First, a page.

9th Jun 2021
Are we so busy encouraging our children to win and to succeed that we have forgotten how to teach them how to manage disappointment and failure?
With the flurry of after school activities returning to our diaries and the chaos that again brings, what has been lovely to see is how happy they all are to be back. How delighted they are to once again be allowed face to face contact with friends. To laugh, to interact, to touch and remember what normality looked like for them only a brief 12 months or so ago. But with that comes the resurgence of their competitive streaks, their desire to ‘be the best’ and to ‘win’.
But is it just from the children we see that streak, or is it prevalent in some of us parents too?
Take a simple team sport. When we watch as parents, are we looking for teamwork, for resilience, for kindness – or are we looking for them to win?
Because if it’s the latter then perhaps we need to think about what message that is sending to our children and what pressure we are subconsciously placing them under.
When children as young as 5 and 6 years old are being told it’s about winning rather taking part then perhaps some of the vital life skills that team sports can offer our children are being lost? Team sports offer our children so much in terms of learning and development. Teamwork, resilience, communication skills. All skills that can add real value as they grow and develop. And surely skills matter more than whether a child ‘wins’ or is ‘the best’?
And for those children who do consistently achieve and win, what is the end consequence for them? As adults we all need to be able to manage and process failure and disappointment. Arguably that is a skill we need to be taught from our early years. But we cannot be taught that without exposure. If our child always wins, how will they cope when they lose? And if they feel our support towards them is based around them winning how will that affect the dynamic when they then lose and feel they have failed us as well as themselves?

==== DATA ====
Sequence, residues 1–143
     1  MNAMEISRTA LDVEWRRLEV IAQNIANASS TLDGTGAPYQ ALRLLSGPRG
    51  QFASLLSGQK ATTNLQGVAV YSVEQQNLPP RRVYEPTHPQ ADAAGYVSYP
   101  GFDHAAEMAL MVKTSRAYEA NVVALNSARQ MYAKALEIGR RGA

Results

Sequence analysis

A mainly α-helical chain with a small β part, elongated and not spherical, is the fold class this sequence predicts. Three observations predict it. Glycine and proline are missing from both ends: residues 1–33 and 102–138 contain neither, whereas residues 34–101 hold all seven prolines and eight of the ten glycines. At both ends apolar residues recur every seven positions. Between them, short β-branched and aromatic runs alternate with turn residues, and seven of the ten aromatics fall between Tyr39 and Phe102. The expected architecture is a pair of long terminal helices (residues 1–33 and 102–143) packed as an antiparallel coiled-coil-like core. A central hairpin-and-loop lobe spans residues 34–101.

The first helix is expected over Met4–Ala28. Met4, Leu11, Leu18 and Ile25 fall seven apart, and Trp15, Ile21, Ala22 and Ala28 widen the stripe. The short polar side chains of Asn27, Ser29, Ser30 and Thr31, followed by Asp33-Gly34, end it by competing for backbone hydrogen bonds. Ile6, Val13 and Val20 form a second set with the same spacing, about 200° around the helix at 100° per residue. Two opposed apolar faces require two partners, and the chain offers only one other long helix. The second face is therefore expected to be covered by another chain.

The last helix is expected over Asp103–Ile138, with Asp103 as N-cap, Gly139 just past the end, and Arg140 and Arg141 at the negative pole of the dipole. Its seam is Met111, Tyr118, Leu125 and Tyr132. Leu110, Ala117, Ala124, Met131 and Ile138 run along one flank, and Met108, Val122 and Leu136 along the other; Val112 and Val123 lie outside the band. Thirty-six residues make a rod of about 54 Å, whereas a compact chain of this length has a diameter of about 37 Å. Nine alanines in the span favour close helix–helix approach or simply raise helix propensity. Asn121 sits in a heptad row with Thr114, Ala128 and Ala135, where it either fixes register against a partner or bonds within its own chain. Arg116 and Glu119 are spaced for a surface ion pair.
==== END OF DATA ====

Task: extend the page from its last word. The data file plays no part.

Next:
I overheard a comment recently in a discussion where one parent was telling another that ‘a bit of healthy competition is good’ for children. But why is it good for them? We are all competitive to varying degrees, and therefore it stands to reason our children will be no different. But we can take ourselves, as parents, out of that equation. We can be there to support them when they win, support them when they lose and support them at all the times in between. Because life is hard enough growing up without us adding to the pressures they feel. As parents and guardians, we should be their safe space regardless of whether they win or lose. And if they experience disappointment we need them to know we are there for them and will support them in processing that disappointment whatever the circumstances.
So, before you ask them how well they did at something today, stop and rephrase and ask them what they had fun doing today instead. See what a difference in response you get.
Written by Lucy Howard, BulliesOut Digital Communications Officer
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